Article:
Community in Focus: Housing

2023 GREATER VICTORIA POINT-IN-TIME HOMELESS COUNT & HOUSING NEEDS SURVEY

According to the 2023 Greater Victoria Point-in-Time Homeless Count and Housing Needs Survey, on the night of March 7, 2023, there were at least 1,665 homeless individuals in the capital region. Nearly half, or 765 individuals, participated in a housing needs survey. The findings reveal that:

  • Nearly one in four respondents (25%) are 55 and older, and 8% are youth under the age of 25. Over a third (36%) had their first experience of homelessness at 18 years of age or younger.
  • One in three (33%) identify as Indigenous. This is much higher than the rate in the broader population (5%).
  • Many have been homeless for long periods – 67% have been homeless for more than six months over the past year, and 50% report having been homeless for the past 365 days or more.
  • About 35% of respondents have been discharged or evicted into homelessness from subsidized housing, transitional housing, supportive housing, corrections, mental health/substance use residential treatment, or hospital emergency rooms.
  • A majority of respondents are British Columbians – 82% have lived in Greater Victoria for more than one year, and 19% have lived in the region their entire lives. Of those who moved to the region, 55% came from other regions in BC. The most common reasons for moving include to be with family who had moved to the community, to visit friends or family, and to seek or secure employment.
  • Common services and supports needed by respondents include access to primary care services (58%) and food security supports (51%). This was closely followed by identification services (46%), mental health supports (45%), and addictions services (44%).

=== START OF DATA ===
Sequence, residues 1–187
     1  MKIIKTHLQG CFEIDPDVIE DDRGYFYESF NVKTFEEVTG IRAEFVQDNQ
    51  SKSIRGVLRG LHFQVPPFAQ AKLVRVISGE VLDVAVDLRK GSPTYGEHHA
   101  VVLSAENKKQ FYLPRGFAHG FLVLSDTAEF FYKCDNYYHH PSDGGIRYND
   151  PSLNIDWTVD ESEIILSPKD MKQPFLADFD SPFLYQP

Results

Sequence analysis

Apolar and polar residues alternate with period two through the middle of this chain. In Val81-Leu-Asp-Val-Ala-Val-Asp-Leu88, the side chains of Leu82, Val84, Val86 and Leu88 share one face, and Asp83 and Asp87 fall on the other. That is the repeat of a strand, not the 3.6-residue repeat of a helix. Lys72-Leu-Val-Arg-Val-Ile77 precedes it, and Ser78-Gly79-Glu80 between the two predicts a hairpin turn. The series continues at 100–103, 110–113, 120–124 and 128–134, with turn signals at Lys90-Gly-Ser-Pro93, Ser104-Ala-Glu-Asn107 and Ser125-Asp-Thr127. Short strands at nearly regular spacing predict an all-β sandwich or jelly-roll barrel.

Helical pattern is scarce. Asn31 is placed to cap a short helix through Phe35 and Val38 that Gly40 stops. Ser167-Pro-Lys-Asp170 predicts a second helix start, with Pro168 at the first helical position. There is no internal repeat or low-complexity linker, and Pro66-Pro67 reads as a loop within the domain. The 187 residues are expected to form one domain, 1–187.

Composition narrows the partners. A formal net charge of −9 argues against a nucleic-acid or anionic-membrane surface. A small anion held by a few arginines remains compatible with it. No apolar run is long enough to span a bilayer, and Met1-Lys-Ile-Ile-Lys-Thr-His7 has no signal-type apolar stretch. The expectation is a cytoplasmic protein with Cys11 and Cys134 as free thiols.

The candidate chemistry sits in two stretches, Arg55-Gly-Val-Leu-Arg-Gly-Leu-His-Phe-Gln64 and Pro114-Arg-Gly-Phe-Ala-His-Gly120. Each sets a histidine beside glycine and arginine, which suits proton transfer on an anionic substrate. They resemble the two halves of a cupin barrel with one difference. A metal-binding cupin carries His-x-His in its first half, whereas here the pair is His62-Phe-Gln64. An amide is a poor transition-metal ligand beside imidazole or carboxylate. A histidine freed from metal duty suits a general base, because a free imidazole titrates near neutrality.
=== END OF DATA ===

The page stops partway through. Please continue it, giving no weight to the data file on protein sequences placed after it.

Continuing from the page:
A Point-in-Time Homeless Count is a strategy to help determine the extent of homelessness in a community on a given night. It also provides insight into who is experiencing homelessness and the nature of that experience. The count generates important community-level data that can inform system and program planning by service providers and governments.

Source: Capital Regional District, Community Social Planning Council of Greater Victoria, Alliance to End Homelessness in the Capital Region, Aboriginal Coalition to End Homelessness, University of Victoria

 

ALLIANCE TO END HOMELESSNESS IN THE CAPITAL REGION

The Alliance to End Homelessness in the Capital Region has rebranded and is continuing its focus on functional zero homelessness. When a community has reached functional zero, it means that homelessness is managed by an adequate supply of services and supports to meet the needs of individuals who are experiencing or transitioning out of homelessness.

This approach recognizes that homelessness is more than a single event or one state of being. It can be episodic, chronic or structural and can include being unsheltered, emergency sheltered, provisionally sheltered, or at risk of homelessness.

The Alliance uses Point-in-Time (PiT) Homeless Count data to help guide its mission to achieve functional zero homelessness and advance its strategic goals and objectives.  For example, the 2023 PiT Count found that nearly half of respondents identified a lack of available options (i.e., low vacancy) as a barrier.  In support of information from the previous two PiT counts and the community, the Alliance is developing a system-wide Community Data Dashboard, starting with monitoring housing inventory in the region that will support quantification and measurement of progress towards a functional zero housing supply.

There is a common misconception that individuals experiencing homelessness do not want to get into some form of permanent housing, however, only 5% of 2023 PiT Count respondents said they did not want housing. Additionally, respondents indicated that discrimination (19%), racism (7%) and sexism (3%) were key issues for them. In 2023, the Alliance conducted a series of Face 2 Face with Stigma workshops and facilitated talking circles, resident advisory committees, and other meetings among people with lived experience of homelessness, community members who live in supportive housing, and peers.

Source: Alliance to End Homelessness in the Capital Region